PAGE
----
Lal Masjid siege drags on
Gunmen fired at Pakistani President Pervez Musharraf's aircraft as it took off on Friday, while a radical cleric holed up with hundreds of followers at an Islamabad mosque said they would rather die than surrender.
There was no indication the attack on Musharraf's plane was connected with the siege at the Red Mosque, now in its fourth day, but it will inevitably add to a sense of foreboding over risks posed to Pakistan's stability by Islamist militants.
Adding to a sense of crisis, a suicide bomber killed six soldiers in a northwest region where the hardliners in the Islamabad mosque have many allies.
The military denied there had been an attack on the president but later called a news conference. An intelligence officer, speaking on condition of anonymity, said there had been an unsuccessful attempt on Musharraf's life.
"There was an attempt, that was missed," said the officer.
US ally Musharraf, who came to power in a military coup in 1999, survived two assassination attempts by al Qaeda-linked militants in Rawalpindi in December 2003.
A Reuters photographer saw two large guns mounted on the roof of a two-storey house close to Islamabad's military airport, and a neighbour said he heard firing. One appeared to be an anti-aircraft gun, the other a light machinegun.
They were placed between satellite dishes and a water tank on the flat roof, under the flight path close to the runway. A low wall ran around the perimeter of the roof.
Security is normally deployed ahead of president's flights, the timings of which are kept secret. Forces cordoned off the house and the owner, a shopkeeper, had been detained.
WE CAN BE MARTYRED
Musharraf has not commented publicly on the siege at Islamabad's Red Mosque, or Lal Masjid, but has urged security agencies to be patient and allow maximum time for parents to take children out of a madrasa, or school, in the mosque compound.
At least 19 people have been killed in clashes that erupted outside the mosque on Tuesday, and the compound housing the mosque and madrasa has been under siege by hundreds of troops and police. Water, gas and electricity supplies have been cut.
The cleric inside, Abdul Rashid Ghazi, said late on Thursday he and the followers of his Taliban-style movement were willing to surrender but he also set conditions, including safe passage.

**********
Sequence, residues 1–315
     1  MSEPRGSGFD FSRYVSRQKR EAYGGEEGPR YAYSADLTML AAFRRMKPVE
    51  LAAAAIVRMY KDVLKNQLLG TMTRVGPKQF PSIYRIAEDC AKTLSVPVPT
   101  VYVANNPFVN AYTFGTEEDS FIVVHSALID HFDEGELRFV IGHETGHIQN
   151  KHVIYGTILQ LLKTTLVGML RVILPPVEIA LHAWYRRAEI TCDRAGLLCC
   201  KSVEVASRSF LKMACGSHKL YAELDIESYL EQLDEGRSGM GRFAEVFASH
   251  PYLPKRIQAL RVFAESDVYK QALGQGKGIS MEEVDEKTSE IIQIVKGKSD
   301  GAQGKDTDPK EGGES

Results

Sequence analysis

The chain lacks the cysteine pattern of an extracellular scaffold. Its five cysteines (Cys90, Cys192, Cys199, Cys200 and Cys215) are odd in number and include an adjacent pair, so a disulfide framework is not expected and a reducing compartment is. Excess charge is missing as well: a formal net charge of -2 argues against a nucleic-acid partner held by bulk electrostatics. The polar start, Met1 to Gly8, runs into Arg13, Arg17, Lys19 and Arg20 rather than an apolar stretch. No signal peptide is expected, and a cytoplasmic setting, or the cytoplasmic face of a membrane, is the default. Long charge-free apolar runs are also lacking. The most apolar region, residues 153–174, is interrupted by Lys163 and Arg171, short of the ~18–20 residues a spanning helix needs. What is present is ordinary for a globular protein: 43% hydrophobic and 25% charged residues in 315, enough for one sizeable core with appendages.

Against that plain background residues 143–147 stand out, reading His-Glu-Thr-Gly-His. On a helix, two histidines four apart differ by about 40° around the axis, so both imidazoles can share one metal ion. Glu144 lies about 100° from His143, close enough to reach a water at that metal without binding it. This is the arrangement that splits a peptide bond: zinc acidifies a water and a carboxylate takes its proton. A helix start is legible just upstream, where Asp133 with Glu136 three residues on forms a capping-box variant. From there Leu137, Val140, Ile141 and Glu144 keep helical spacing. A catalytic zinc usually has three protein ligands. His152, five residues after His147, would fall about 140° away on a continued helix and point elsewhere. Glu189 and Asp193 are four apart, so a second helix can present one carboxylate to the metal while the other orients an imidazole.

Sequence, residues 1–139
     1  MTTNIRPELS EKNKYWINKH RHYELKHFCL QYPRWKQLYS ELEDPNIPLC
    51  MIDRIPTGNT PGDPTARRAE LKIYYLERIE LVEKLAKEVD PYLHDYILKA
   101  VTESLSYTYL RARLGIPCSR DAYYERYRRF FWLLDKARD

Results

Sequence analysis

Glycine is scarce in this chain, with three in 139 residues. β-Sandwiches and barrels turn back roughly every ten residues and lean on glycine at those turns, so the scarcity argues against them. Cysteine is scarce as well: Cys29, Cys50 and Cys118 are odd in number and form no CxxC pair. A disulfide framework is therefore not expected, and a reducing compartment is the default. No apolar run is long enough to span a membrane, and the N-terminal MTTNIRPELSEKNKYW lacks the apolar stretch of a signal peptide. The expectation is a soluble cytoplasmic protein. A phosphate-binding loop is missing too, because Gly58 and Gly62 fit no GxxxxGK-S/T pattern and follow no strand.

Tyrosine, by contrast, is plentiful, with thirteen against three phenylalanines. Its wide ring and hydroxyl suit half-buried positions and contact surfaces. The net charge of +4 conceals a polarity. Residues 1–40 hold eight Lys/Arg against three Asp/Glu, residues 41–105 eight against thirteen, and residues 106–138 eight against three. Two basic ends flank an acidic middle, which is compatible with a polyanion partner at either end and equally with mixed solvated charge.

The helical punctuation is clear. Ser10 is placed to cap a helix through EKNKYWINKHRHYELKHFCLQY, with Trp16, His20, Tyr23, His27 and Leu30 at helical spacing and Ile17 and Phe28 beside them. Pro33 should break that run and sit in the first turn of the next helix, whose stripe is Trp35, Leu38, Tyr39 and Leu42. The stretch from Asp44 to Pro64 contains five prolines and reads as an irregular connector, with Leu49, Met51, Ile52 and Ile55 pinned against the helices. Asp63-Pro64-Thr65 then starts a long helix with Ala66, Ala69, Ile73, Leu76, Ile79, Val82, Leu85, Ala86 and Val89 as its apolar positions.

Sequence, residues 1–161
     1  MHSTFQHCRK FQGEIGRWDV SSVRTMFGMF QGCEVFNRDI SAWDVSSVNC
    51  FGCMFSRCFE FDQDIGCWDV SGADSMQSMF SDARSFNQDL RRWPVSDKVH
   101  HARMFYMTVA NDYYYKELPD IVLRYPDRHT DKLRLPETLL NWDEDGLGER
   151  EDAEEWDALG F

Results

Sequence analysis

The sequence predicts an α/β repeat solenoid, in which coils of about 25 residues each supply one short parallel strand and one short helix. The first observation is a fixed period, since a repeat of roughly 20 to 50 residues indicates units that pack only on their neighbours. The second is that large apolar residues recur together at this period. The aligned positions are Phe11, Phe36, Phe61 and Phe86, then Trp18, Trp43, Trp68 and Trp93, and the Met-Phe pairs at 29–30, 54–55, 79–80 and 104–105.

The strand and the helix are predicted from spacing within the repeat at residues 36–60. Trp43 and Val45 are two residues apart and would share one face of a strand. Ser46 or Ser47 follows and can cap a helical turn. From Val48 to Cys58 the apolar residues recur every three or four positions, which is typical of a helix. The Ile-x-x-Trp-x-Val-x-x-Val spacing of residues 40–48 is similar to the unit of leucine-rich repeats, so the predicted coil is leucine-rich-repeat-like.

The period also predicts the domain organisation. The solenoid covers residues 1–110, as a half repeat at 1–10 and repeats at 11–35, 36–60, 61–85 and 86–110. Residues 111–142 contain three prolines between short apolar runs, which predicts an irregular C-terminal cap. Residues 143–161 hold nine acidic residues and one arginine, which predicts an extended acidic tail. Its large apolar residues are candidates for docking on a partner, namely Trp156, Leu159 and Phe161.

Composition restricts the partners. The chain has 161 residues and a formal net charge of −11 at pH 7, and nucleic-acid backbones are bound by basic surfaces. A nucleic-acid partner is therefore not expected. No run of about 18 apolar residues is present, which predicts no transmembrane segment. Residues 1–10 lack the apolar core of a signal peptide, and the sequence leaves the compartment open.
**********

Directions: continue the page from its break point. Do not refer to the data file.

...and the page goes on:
The government rejected his demands and insisted Ghazi release women and children, authorities say he is holding as human shields, and surrender unconditionally.
But Ghazi told Geo TV he would not bow to pressure: "We can be martyred, but we will not court arrest."
A boy who surrendered after sneaking out of the mosque said older students were forcing younger ones to stay.
"Food is running low and water is also limited," Ashraf Swati, 15, told Reuters, adding several wounded students were inside and the stench from dead bodies hung in the air.
Intermittent gunfire and explosions have rocked the neighbourhood since Tuesday, and on Friday a burst of intensive fire trapped a handful of parents who had been allowed into the mosque to bring out children.
Militants later fired on other parents approaching the mosque, wounding one.
Tension between authorities and the mosque had been rising since January when the students, most of whom are in their 20s and 30s, launched an increasingly provocative campaign to press for various demands including action against vice.
They threatened suicide attacks if suppressed.
There was no indication a suicide bomber who threw himself at an army jeep killing six soldiers in the northwest was acting in support of the Red Mosque radicals, but the mosque is known to have supporters in the region.
Ghazi's elder brother and chief mosque cleric, Abdul Aziz, was caught on Wednesday trying to flee disguised in a burqa. He later called on followers to give up.
About 1,200 students have come out. Aziz said there were some 850 students inside while Ghazi put the number at 1,900.
Many Pakistanis welcomed the action against a movement reminiscent of the Taliban in Afghanistan, and symptomatic of the religious extremism seeping into cities from tribal border areas.
Moderate politicians and the media had urged Musharraf to act sooner but he cited concern about bloodshed and authorities tried to appease them.